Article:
Menu Close

Articles on Rudy Giuliani

Displaying all articles

The U.S. Capitol, which was besieged by insurrectionists on Jan. 6, and where the Trump impeachment trial takes place in the Senate. Xinhua/Liu Jie via Getty Images

Impeachment trial: Research spanning decades shows language can incite violence

Language affects behavior. When words champion aggression, make violence acceptable and embolden audiences to action, incidents like the insurrection at the Capitol are the result.
Rudy Giuliani, lawyer for President Donald Trump, speaks on Nov. 19 at a news conference about lawsuits related to the presidential election. Sarah Silbiger for The Washington Post via Getty Images

In Trump election fraud cases, federal judges upheld the rule of law – but that’s not enough to fix US politics

President Trump's populist control of his party didn't extend to control in courtrooms where he challenged election results. That's where the rules of politics met the rules of law, and politics lost.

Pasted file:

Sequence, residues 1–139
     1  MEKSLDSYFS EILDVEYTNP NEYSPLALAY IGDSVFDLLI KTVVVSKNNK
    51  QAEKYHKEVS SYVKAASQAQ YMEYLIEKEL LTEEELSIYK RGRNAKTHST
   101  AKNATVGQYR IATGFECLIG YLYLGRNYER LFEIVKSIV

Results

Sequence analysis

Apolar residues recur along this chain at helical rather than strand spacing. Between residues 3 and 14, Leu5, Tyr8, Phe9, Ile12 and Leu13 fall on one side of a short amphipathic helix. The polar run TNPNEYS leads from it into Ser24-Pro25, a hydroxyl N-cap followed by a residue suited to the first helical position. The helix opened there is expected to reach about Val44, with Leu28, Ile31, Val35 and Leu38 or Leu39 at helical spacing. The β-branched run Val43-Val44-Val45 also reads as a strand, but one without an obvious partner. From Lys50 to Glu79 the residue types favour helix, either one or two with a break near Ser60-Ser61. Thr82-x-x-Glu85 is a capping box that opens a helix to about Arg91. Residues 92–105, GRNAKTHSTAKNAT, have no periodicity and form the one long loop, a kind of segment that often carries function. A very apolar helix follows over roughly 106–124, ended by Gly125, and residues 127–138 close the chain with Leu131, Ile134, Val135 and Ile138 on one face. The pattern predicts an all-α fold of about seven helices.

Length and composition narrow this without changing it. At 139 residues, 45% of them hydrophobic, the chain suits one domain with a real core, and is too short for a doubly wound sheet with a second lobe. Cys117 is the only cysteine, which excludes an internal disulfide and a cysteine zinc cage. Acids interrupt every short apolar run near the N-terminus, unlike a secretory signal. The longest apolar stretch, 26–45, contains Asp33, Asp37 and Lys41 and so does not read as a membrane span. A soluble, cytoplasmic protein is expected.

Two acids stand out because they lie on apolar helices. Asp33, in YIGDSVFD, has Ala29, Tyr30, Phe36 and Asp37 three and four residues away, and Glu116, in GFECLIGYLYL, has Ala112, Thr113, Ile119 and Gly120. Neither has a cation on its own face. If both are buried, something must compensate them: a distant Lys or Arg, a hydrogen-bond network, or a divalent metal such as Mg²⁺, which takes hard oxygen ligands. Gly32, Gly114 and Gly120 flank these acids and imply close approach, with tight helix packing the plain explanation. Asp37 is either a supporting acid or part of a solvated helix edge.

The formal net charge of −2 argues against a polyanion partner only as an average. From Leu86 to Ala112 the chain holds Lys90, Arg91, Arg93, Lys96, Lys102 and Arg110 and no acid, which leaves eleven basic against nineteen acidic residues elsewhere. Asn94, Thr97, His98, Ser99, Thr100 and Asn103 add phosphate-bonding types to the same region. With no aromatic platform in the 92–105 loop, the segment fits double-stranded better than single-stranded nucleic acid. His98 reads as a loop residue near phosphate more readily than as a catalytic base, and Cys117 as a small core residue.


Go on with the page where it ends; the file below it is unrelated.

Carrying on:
U.S. President Donald Trump speaks with reporters after participating in a video teleconference call with members of the military on Nov. 26, 2020, at the White House in Washington. He reiterated his baseless claims during the news conference that the Nov. 3 election was ‘rigged.’ (AP Photo/Patrick Semansky)

Trump’s lies about the election show how disinformation erodes democracy

If citizens disbelieve the institutions that count ballots and the organizations that accurately report on those results, it will be impossible to agree on what a legitimate election looks like.
William Barr walks through Lafayette Park before demonstrators were cleared by federal police on June 1, 2020. Joshua Roberts/Getty Images

Should the president pick the attorney general?

Do US attorneys general act in the public's interest, or the interest of the president who appointed them?
President Richard Nixon, left, and President Donald Trump, right. AP//Frank C. Curtin; REUTERS/Jonathan Ernst

Trump’s bad Nixon imitation may cost him the presidency

President Trump solicited foreign help for his presidential campaign. So did presidential candidate Richard Nixon. The difference, writes scholar Ken Hughes, is that Nixon was more skilled at it.

Top contributors

More